The Clemson Insider gives a scouting report on every player on Clemson’s two-deep depth chart. We will break down what the player does best, what he needs to work on, how he compares to other former players at his position and where he fits on the Clemson roster.
Player name: Milan Richard
Player position: Tight end
Years left of eligibility: 2 years
Projected rank on depth chart: First
Player productivity so far: The redshirt Junior has been a mainstay on special teams the past two seasons and has played 172 career snaps in 30 games. He logged 144 snaps and played in all 15 games last season. He had two knockdown blocks in 25 snaps against Troy. Posted two knockdowns and a nine-yard catch in the Tigers’ win over SC State. He also played 12 snaps at Georgia Tech and saw 11 snaps in the win at Boston College. Richard played 16 snaps against Syracuse and logged 11 snaps against Pittsburgh. He played seven snaps at Wake Forest and 10 versus South Carolina.
What the player does best: Richard catches the football. He has always been considered a tight end that can make plays and has soft hands. He just has not had the opportunity to show it because he has played behind Jordan Leggett, who left Clemson as the most productive player ever at the tight end position.
What player needs to work on: Though co-offensive coordinators Tony Elliott and Jeff Scott saw a tremendous amount of improvement in the spring, Richard still needs to become a crisp route runner. He also has to improve as a run blocker, especially in short yardage situations, and in pass protection. His struggles in those two areas have kept him off the field the last two years.
Productivity of former Clemson players at the position (first year and last):
Michael Palmer, 2006: Played in all 13 games. He had five catches for 30 yards. He averaged 6.0 yards per catch with a long of 11 yards. He averaged 2.3 yards per game.
Michael Palmer, 2009: He played 13 of the 14 games. He finished second on the team with 43 receptions and was second with 507 yards. His 4 touchdowns were also tied for second on the team. He averaged 11.8 yards per catch with a long of 26 yards. He averaged 39.0 yards per game.
Dwayne Allen, 2009: He played in 14 games. He had 10 catches for 108 yards and scored 3 touchdowns. His longest catch was 17 yards and he averaged 10.8 yards per catch. He also averaged 7.7 yards per game.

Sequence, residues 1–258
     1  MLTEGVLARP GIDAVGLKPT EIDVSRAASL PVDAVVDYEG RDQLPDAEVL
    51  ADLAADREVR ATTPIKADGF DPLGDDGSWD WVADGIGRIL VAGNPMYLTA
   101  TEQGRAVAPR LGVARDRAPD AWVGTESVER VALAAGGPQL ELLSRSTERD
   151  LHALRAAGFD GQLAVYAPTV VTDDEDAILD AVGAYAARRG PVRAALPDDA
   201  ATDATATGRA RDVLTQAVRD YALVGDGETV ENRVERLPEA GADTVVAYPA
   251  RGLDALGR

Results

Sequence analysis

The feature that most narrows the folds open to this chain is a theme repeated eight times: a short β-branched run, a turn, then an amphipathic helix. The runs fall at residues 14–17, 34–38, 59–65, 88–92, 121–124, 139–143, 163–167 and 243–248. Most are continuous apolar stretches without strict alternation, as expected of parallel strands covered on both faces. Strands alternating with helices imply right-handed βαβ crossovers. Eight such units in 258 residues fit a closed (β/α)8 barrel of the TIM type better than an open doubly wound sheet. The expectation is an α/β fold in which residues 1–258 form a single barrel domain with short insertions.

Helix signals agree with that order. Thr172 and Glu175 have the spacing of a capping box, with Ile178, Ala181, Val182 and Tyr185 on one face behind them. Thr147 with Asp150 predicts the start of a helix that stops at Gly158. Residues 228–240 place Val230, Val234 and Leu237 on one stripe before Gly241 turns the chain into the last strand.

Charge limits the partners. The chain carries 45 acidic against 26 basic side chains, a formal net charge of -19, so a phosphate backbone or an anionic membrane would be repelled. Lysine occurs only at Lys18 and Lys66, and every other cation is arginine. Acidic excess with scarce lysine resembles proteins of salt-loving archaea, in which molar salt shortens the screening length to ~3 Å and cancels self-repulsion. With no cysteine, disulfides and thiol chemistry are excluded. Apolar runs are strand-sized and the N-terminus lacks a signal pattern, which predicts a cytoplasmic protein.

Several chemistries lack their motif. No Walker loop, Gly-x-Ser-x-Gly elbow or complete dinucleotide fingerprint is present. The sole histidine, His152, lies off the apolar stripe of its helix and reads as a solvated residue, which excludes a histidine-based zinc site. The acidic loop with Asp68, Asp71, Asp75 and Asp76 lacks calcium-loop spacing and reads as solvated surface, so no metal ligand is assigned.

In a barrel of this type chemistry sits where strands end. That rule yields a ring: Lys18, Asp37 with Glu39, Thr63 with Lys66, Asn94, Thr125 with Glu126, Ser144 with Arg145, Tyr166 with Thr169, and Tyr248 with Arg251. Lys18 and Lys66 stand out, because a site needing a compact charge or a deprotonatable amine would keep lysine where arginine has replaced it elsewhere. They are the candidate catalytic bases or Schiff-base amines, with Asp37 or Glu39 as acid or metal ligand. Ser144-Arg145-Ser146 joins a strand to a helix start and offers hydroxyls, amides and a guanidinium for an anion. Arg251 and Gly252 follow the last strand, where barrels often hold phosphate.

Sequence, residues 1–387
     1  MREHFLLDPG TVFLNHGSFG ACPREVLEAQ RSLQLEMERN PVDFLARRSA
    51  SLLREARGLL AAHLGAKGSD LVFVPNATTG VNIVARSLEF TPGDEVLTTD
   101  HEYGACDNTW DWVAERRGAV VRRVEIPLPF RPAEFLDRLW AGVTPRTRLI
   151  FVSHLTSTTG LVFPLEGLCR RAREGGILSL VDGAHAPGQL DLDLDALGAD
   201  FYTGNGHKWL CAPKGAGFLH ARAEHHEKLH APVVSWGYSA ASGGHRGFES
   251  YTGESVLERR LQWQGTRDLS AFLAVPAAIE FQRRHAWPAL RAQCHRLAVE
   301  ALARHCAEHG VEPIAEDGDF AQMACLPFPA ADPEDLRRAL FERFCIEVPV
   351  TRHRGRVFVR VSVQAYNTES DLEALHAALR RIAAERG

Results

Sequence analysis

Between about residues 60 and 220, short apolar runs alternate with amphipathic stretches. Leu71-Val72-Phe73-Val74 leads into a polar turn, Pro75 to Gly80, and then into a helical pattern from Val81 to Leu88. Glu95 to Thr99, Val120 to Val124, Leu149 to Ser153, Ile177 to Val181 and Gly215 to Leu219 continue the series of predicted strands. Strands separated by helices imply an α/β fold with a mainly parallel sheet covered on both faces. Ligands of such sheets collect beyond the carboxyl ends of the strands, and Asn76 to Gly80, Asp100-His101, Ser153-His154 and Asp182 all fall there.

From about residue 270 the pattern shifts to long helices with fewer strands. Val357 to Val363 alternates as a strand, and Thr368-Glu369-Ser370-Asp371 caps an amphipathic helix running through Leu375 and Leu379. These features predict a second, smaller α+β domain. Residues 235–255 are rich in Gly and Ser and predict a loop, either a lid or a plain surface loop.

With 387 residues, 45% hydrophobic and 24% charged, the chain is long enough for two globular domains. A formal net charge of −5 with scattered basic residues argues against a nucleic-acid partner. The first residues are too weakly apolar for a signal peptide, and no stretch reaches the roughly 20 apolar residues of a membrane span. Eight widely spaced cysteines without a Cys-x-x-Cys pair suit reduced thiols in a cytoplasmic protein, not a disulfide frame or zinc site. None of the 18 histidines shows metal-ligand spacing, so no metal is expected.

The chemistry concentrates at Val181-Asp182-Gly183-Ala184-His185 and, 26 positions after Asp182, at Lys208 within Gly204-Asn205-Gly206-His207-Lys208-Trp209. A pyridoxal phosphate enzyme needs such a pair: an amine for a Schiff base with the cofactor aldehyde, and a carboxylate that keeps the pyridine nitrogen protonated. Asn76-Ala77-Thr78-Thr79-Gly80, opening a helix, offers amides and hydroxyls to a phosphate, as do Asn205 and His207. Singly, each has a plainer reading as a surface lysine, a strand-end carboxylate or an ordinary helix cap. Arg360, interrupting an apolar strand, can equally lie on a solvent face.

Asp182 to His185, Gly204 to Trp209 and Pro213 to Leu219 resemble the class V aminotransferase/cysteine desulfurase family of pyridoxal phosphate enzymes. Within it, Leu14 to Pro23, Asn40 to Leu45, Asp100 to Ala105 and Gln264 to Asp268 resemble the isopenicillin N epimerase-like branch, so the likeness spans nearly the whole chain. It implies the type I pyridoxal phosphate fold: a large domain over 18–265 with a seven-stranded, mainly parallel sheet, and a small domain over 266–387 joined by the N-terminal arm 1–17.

Dwayne Allen, 2011: He finished third on the team with 50 receptions and was third with 598 yards. His 8 touchdowns were second on the team. He averaged 12.0 yards per catch with a long of 54 yards. He averaged 42.7 yards per game.
Jordan Leggett, 2013: He played in 10 of the 13 games. He had 12 catches for 176 yards and scored 2 touchdowns. He averaged 14.7 yards per catch with a long of 44 yards. He averaged 17.6 yards per game.
Jordan Leggett, 2016: He played in all 15 games. He finished fourth on the team with 46 receptions, but his 736 yards ranked second. His 7 touchdowns ranked third on the team. He averaged 16.0 yards per catch with a long of 56 yards. He averaged 45.0 yards per game.
What can you hope for? It has been said Richard (6-3, 260) is more of a Dwayne Allen type than a Jordan Leggett type tight end. If that is the case then he should be just as productive as either one of those two. It would also be helpful if he was a Brandon Ford, who was very productive and earned first-team All-ACC honors in his first and only year as a starter.
What is a realistic expectation? Thirty catches for 400 yards is very realistic. You should also expect at least 3-7 touchdowns in Richard’s first year as the starter at tight end.
What about the future? Unless Richard has a monster year, which can happen, it is unlikely he will leave Clemson after his redshirt junior year. By his senior year, Richard will be a strong candidate for All-ACC and All-American honors. Two strong years in Clemson’s offense as the starting tight end could easily land him in the NFL as it has done Palmer, Allen and Leggett.